JoVE Visualize What is visualize?
Stop Reading. Start Watching.
Advanced Search
Stop Reading. Start Watching.
Regular Search
Find video protocols related to scientific articles indexed in Pubmed.
Analysis of Age and Disease Status as Predictors of Thyroid Cancer-Specific Mortality Using the Surveillance, Epidemiology, and End Results Database.
Thyroid
PUBLISHED: 11-05-2014
Show Abstract
Hide Abstract
Background: Age at diagnosis is incorporated into all relevant staging systems for differentiated thyroid carcinoma (DTC). There is growing evidence that a specific age cutoff may not be ideal for accurate risk stratification. We sought to evaluate the interplay between age and oncologic variables in patients with DTC using the largest cohort to date. Methods: The Surveillance, Epidemiology, and End Results (SEER) database was queried to identify patients with DTC as their only malignancy for the period 1973 to 2009. Multivariate analyses using a range of age cutoffs and age subgroupings were utilized in order to search for an optimal age that would provide the most significant risk stratification between young and old patients. The primary outcome was disease-specific survival (DSS) and covariates included: age, race, sex, tumor/nodal/metastasis (TNM) stage, decade of diagnosis, and radioactive iodine therapy. Results: A total of 85,740 patients were identified. Seventy-six percent of patients were American Joint Committee on Cancer (AJCC) stage I, 8% were stage II, 7% were stage III, and 8% were stage IV. Age over 45 years (hazard ratio [HR] 19.2, p<0.001) and metastatic disease (HR 13.1, p<0.001) were the strongest predictors of DSS. Other factors that significantly predicted DSS included: not receiving radioactive iodine (RAI; HR 1.3, p=0.002), T3 (HR 2.6, p<0.001), and T4 disease (HR 3.3, p<0.001), and nodal spread (HR 2.6 to 3.3, p<0.001). Female sex showed a significant protective effect (HR 0.7, p=0.001). Adjusting the age-group cutoff from 25 to 55 years showed consistently high HRs for advanced age, without a distinct change at any point. Comparing HRs for T, N, and M stage between young and old patient subgroups showed that advanced disease increased the risk for DSS regardless of age, and was oftentimes a worse prognosticator in young patient groups. Conclusions: The contribution of age at diagnosis to a patient's DSS is considerable, but there is no age cutoff that affords any unique risk-stratification in patients with DTC.
Related JoVE Video
Risk factors for hematoma after thyroidectomy: results from the nationwide inpatient sample.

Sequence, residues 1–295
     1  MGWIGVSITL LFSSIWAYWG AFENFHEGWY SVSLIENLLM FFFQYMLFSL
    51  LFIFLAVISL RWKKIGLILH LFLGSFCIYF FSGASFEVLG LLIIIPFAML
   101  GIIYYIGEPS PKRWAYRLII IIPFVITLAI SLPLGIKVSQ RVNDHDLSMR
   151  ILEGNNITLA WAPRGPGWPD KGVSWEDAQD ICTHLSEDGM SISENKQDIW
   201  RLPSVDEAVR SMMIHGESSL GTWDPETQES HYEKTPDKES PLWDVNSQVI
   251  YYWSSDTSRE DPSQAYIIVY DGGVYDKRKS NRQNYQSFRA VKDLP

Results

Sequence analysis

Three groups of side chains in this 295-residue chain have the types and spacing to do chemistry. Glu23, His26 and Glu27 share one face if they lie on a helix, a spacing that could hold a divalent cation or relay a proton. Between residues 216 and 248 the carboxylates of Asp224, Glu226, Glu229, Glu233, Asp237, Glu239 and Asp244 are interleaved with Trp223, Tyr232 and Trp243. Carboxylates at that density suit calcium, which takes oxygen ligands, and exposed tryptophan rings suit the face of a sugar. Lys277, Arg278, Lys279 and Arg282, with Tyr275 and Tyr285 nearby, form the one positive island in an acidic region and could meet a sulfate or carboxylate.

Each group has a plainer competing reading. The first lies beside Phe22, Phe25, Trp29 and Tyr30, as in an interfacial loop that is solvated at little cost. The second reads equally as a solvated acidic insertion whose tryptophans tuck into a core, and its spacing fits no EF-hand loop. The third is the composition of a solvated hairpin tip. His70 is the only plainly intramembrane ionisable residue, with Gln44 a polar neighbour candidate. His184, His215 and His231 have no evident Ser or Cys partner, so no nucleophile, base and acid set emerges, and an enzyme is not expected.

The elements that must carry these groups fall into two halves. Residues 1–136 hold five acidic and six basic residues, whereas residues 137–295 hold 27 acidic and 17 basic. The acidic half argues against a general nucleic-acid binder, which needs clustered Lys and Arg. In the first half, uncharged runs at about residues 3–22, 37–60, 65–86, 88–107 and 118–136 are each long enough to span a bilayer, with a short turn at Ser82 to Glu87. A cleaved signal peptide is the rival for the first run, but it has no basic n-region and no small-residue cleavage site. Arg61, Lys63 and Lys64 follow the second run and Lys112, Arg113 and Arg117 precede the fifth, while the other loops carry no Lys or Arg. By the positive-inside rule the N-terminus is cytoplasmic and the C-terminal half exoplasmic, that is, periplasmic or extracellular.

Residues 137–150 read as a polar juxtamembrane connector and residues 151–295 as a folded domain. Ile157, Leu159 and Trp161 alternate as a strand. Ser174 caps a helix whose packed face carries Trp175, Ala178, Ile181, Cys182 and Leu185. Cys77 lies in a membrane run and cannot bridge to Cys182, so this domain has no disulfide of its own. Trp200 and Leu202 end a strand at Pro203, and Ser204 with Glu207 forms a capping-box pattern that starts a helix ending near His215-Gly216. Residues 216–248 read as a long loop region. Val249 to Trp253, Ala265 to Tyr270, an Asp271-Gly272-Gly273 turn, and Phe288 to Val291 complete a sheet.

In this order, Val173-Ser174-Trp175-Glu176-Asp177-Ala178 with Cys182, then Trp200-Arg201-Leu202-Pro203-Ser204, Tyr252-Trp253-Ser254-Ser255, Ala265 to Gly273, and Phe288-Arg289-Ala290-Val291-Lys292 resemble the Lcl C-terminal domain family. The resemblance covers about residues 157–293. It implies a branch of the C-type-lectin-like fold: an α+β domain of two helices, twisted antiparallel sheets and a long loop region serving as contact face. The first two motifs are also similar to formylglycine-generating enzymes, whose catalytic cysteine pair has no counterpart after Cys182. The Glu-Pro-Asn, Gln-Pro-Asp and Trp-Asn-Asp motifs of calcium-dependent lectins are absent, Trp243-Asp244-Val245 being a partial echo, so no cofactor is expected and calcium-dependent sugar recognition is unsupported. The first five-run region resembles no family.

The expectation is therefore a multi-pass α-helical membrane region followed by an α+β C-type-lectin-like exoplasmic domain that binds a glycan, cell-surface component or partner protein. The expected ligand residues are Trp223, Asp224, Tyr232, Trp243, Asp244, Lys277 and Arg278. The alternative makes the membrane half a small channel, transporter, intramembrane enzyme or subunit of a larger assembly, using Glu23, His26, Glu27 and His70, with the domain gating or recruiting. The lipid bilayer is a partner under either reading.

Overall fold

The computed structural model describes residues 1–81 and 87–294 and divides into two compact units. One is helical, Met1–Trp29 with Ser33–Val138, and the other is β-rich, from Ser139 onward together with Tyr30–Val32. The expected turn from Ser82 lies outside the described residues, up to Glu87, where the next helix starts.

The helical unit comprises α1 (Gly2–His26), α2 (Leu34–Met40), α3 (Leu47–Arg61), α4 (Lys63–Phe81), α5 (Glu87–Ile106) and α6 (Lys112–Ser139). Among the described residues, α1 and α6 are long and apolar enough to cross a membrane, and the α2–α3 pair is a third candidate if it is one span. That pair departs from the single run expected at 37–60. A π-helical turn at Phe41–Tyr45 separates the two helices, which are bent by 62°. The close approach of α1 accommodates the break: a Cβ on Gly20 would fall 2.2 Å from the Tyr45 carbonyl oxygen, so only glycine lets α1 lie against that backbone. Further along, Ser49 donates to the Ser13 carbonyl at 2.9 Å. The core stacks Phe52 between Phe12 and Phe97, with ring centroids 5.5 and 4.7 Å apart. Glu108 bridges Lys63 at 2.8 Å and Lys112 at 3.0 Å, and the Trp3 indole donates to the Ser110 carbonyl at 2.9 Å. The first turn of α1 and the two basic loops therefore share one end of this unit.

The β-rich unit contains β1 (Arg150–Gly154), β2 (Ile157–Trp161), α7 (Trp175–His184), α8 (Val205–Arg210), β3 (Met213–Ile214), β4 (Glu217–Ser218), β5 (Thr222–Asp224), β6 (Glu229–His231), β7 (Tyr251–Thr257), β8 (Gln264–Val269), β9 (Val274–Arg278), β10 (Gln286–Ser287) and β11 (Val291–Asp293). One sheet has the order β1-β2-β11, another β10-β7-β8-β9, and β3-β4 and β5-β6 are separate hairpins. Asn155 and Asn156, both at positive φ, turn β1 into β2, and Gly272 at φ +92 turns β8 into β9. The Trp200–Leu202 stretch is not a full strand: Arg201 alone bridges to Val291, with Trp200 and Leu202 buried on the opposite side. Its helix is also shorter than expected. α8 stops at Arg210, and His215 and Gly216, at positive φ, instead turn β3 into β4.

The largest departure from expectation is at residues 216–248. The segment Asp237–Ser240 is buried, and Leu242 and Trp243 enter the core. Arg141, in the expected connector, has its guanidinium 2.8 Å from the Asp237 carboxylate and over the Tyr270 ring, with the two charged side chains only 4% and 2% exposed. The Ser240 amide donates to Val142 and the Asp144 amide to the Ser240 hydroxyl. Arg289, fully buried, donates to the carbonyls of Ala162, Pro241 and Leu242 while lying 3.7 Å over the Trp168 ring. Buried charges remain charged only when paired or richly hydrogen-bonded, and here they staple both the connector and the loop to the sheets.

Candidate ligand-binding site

Surgery
PUBLISHED: 01-02-2014
Show Abstract
Hide Abstract
Hematoma after thyroidectomy is a potentially lethal complication. We sought to evaluate risk factors for hematoma formation using the Nationwide Inpatient Sample. We hypothesized that certain risk factors could be identified and that this information would be useful to surgeons.
Related JoVE Video
Bilateral squamous cell carcinoma of the lacrimal sac.
Ophthal Plast Reconstr Surg
PUBLISHED: 11-13-2013
Show Abstract
Hide Abstract
A 42-year-old man presented with right-sided epiphora, a fleshy lesion emanating from the right inferior punctum and a painless mass below the medial canthal tendon. Biopsy of the lacrimal sac mass disclosed papillary squamous cell carcinoma in situ. The patient underwent wide local excision with clear surgical margins and remained disease free until 28 months later when he returned with hemorrhagic epiphora of the OS and fullness overlying the left lacrimal sac. Biopsy confirmed papillary squamous cell carcinoma in situ. He underwent similar excision and has remained disease free for 6 months. To the best of the authors knowledge, this is the first report of bilateral squamous cell carcinoma of the lacrimal sac.
Related JoVE Video
Recombinant human erythropoietin promotes the acquisition of a malignant phenotype in head and neck squamous cell carcinoma cell lines in vitro.
BMC Res Notes
PUBLISHED: 09-30-2011
Show Abstract
Hide Abstract
Recent studies indicate an increase in tumor progression and recurrence in head and neck squamous cell carcinomas (HNSCC) of cancer patients taking recombinant human erythropoietin (rhEpo) for anemia. This study was undertaken to investigate the potential role of rhEpo in invasion, proliferation, and cisplatin-induced cell death in HNSCC cell lines.
Related JoVE Video
Cytologic findings of a clear cell parathyroid lesion.
Diagn. Cytopathol.